The confrontation that need not be

Vieques: Opponents of Puerto Rico firing range are not satisfied with the provision for ending it.

May 04, 2000

THE VIEQUES problem was solved in January. The Vieques crisis is something else -- real, unnecessary and irrelevant -- brought to a head by steely determination on both sides to have a showdown.

The Jan. 31 agreement between President Clinton and Gov. Pedro J. Rossello of the Commonwealth of Puerto Rico provides for a referendum of the 9,300 residents of Vieques on whether the eastern half of the small island may remain in use as a firing range for the U.S. Navy.

There is an aid incentive to vote yes, but a likelihood the majority will vote no. If so, the Navy must clean up its range and end training by May 2003. In the meantime, the Navy may use the range for exercises -- as it has since 1940 -- but limited to dummy ammunition.

In other words, the residents of the island and other Puerto Ricans got what they wanted. And the Navy is on notice to find another range where it may conduct live firing and bombing with amphibious landings, an exercise that unfortunately is altogether necessary in the world in which we live.

The timing is orderly, the principle of democracy is observed and the issue is settled. Demonstrators who continued to squat on the firing range since Jan. 31 have had no good reason for doing so. This is civil disobedience for its own sake, in search of a cause.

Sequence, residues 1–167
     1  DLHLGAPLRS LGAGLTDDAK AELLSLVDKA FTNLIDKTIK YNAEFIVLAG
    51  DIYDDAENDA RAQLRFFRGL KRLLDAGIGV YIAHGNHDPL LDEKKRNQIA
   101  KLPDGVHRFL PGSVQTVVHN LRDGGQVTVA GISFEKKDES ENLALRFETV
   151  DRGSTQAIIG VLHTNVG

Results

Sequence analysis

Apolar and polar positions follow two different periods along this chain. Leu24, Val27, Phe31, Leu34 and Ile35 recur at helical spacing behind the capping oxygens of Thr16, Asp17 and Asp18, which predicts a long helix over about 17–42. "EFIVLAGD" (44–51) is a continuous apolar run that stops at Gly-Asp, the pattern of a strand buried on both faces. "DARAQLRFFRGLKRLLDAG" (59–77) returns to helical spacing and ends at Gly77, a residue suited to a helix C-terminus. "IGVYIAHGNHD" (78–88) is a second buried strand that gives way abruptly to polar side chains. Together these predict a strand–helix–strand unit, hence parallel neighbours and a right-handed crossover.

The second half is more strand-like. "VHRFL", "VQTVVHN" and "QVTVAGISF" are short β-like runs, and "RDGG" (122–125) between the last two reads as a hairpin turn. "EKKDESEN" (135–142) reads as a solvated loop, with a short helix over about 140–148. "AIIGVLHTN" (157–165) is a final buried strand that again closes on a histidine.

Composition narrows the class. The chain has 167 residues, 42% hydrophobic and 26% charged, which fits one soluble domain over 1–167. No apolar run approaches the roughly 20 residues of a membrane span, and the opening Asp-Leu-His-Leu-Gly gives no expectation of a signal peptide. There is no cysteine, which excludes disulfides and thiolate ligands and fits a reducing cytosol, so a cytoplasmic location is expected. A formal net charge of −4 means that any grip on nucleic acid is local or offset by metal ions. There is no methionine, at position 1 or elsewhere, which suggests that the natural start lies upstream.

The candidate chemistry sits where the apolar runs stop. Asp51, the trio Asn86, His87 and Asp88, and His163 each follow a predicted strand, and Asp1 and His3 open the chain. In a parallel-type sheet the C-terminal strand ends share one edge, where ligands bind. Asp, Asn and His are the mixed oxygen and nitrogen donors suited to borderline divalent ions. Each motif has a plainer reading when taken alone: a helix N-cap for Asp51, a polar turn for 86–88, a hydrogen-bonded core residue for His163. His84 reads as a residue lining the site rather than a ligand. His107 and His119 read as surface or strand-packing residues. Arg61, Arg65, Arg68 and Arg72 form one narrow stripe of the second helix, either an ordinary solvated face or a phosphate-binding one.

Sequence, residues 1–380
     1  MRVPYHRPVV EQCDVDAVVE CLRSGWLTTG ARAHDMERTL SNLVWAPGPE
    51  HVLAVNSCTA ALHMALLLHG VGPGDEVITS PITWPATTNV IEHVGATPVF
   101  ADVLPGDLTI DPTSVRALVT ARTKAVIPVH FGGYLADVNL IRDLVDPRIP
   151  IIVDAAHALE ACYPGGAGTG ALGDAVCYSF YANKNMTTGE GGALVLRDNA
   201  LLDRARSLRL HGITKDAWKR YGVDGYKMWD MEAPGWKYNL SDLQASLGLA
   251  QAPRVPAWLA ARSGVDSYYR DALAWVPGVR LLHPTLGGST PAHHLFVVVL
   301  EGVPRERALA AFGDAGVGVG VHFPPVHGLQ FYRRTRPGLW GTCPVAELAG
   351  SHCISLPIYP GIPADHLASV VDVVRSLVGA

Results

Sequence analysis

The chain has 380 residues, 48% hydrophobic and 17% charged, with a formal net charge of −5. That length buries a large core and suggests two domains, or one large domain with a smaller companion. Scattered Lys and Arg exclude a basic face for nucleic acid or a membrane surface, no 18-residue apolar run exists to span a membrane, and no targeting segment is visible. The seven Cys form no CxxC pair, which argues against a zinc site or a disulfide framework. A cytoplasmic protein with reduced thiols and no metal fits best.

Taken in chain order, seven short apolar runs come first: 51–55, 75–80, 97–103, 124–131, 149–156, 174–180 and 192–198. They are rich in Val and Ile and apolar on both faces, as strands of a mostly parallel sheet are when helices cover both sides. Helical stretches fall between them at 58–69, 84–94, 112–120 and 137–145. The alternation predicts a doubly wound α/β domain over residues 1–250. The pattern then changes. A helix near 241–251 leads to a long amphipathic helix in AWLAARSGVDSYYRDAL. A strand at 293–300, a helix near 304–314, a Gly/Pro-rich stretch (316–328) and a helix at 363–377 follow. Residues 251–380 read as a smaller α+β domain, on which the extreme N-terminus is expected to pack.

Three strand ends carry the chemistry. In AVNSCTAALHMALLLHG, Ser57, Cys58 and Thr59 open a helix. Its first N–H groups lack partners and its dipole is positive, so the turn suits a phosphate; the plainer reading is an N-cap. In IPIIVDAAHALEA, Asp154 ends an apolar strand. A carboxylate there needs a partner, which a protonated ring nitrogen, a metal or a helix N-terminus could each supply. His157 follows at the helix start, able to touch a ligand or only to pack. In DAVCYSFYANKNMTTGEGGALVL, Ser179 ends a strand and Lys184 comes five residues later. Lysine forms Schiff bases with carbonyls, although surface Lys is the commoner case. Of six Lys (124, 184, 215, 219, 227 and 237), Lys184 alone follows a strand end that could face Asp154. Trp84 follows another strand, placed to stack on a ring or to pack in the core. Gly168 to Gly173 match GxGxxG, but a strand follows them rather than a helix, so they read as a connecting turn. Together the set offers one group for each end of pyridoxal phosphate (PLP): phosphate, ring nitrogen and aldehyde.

But if the Navy may be justified in wanting them removed, it has pushed a risky confrontation for small gain. What the demonstrators have obstructed is a dummy run, not live fire. The removal operation, however legitimate, is not prudent.

Reportedly, the FBI argued against removal and arrest, having earned opprobrium for operations that went terribly wrong elsewhere. But the Pentagon insisted on winning. President Clinton and Governor Rossello agreed.

Perhaps the United States should long ago have bought-out the small community living next to military facilities on the small island between Puerto Rico and the U.S. Virgin Islands. It did not.

Last January, the Clinton administration gave in on the main question. Some demonstrators, not content with winning, refuse to take yes for an answer.

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